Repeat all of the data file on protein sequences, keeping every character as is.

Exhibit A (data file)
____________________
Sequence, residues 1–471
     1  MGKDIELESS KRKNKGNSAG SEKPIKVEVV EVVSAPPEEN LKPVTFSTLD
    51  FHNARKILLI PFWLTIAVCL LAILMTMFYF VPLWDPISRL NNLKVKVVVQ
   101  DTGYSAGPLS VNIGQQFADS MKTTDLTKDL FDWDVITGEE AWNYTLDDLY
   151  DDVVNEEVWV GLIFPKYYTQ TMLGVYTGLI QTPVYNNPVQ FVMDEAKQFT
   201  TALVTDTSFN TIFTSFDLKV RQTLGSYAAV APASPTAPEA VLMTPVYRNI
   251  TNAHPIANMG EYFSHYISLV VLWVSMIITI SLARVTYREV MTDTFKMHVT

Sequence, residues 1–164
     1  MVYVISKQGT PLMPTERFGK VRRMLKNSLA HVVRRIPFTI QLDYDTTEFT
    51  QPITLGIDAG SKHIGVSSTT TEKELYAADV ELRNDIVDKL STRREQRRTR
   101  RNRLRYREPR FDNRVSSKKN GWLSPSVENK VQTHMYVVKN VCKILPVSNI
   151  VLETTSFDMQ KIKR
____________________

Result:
Sequence, residues 1–471
     1  MGKDIELESS KRKNKGNSAG SEKPIKVEVV EVVSAPPEEN LKPVTFSTLD
    51  FHNARKILLI PFWLTIAVCL LAILMTMFYF VPLWDPISRL NNLKVKVVVQ
   101  DTGYSAGPLS VNIGQQFADS MKTTDLTKDL FDWDVITGEE AWNYTLDDLY
   151  DDVVNEEVWV GLIFPKYYTQ TMLGVYTGLI QTPVYNNPVQ FVMDEAKQFT
   201  TALVTDTSFN TIFTSFDLKV RQTLGSYAAV APASPTAPEA VLMTPVYRNI
   251  TNAHPIANMG EYFSHYISLV VLWVSMIITI SLARVTYREV MTDTFKMHVT

Sequence, residues 1–164
     1  MVYVISKQGT PLMPTERFGK VRRMLKNSLA HVVRRIPFTI QLDYDTTEFT
    51  QPITLGIDAG SKHIGVSSTT TEKELYAADV ELRNDIVDKL STRREQRRTR
   101  RNRLRYREPR FDNRVSSKKN GWLSPSVENK VQTHMYVVKN VCKILPVSNI
   151  VLETTSFDMQ KIKR